Bombed hotels reopen in Jakarta

JW Marriott and Ritz-Carlton resume business amid repairs to damaged sections.

    Security at the hotels has been stepped up following the two suicide attacks [EPA]

    "We have reviewed everything from the incident and made some adjustments but I can't disclose what the changes are as they are confidential," said Ina Ilmiaviatta, a spokeswoman for the Marriott hotel.

    "We hope to be able to reach an average hotel occupancy of 60 to 70 per cent like before, in spite of the bombings," she added.

    Marriott International manages both hotels.

    Suspect

    Police say the fugitive leader of a JI faction is likely behind the two hotel bombings [AFP]
    Indonesian police have not identified the perpetrators behind the attacks but suspect they could be the work of a splinter faction of the Jemaah Islamiyah (JI) group, headed by Malaysian-born fugitive Noordin Mohammed Top.

    JI is a Southeast Asian group alleged to have links to the al-Qaeda network.

    Earlier this week Indonesian police said that a woman detained in connection with the bombings had identified her husband as Noordin.

    He is believed to have taken refuge in a Central Javanese village, marrying the woman and having two children with her.

    A police raid on the village just days before the Jakarta attack found bomb-making materials buried in the yard of his home in Cilacap district.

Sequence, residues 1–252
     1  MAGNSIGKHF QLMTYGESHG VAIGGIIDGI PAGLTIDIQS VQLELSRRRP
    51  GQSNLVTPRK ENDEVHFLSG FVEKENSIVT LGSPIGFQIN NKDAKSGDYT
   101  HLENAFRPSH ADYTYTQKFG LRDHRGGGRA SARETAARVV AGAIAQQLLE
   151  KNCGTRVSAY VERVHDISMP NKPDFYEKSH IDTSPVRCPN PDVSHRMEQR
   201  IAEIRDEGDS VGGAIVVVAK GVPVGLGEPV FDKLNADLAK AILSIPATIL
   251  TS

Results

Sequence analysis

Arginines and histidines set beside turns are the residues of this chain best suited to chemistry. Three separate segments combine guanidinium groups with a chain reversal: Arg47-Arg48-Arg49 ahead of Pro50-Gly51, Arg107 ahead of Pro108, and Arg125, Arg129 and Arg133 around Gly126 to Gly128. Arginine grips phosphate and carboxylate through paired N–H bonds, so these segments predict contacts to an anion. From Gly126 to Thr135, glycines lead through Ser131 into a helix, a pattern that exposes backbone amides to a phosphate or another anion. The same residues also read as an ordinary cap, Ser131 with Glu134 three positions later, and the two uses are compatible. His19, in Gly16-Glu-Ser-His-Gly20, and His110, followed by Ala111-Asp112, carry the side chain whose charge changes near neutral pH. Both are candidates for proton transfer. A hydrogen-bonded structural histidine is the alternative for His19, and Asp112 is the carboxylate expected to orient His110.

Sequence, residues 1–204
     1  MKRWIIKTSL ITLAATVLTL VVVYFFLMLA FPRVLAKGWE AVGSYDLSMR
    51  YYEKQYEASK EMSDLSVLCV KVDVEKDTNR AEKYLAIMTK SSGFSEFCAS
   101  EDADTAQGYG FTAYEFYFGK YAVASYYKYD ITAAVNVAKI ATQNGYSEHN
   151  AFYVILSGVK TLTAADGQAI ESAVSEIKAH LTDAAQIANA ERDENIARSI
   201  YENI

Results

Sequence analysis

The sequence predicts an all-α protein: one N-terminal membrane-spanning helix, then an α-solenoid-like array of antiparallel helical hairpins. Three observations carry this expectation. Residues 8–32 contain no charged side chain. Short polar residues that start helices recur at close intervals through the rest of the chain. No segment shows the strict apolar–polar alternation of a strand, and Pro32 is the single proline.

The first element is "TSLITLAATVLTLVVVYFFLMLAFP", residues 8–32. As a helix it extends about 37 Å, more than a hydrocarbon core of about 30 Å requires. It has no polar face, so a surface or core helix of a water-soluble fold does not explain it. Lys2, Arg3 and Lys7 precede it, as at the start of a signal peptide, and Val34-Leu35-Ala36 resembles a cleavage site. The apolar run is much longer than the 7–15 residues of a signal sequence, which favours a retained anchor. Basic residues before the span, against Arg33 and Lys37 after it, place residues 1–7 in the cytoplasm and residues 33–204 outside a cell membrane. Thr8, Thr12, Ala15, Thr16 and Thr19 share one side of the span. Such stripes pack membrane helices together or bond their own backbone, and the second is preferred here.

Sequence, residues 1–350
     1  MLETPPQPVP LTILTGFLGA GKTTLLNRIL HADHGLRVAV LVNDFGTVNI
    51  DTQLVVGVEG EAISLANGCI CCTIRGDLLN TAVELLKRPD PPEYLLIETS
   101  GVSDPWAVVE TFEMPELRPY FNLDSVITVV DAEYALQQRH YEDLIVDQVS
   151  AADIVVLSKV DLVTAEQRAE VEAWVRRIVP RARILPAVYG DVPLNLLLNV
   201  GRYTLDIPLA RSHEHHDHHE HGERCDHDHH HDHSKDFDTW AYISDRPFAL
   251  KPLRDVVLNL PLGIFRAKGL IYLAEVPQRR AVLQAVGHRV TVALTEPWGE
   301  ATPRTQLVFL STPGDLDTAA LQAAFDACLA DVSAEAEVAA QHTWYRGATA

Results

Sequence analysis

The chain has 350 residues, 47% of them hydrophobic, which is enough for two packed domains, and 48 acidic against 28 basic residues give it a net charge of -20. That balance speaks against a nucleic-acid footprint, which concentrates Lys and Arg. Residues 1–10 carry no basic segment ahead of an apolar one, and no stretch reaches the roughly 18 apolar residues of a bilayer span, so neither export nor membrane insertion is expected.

Noordin, 44, allegedly masterminded a suicide truck bombing at the Marriott in 2003, as well as the 2004 suicide bombing of the Australian embassy in Jakarta and 2005 attacks on tourist restaurants in Bali.

    Those attacks killed 42 people, mainly Indonesians, injured hundreds and triggered the biggest manhunt in the country's history.

    SOURCE: Agencies


    YOU MIGHT ALSO LIKE

    'We were forced out by the government soldiers'

    'We were forced out by the government soldiers'

    We dialled more than 35,000 random phone numbers to paint an accurate picture of displacement across South Sudan.

    Interactive: Plundering Cambodia's forests

    Interactive: Plundering Cambodia's forests

    Meet the man on a mission to take down Cambodia's timber tycoons and expose a rampant illegal cross-border trade.

    Pakistan's tribal areas: 'Neither faith nor union found'

    Pakistan's tribal areas: 'Neither faith nor union found'

    Residents of long-neglected northwestern tribal belt say incorporation into Pakistan has left them in a vacuum.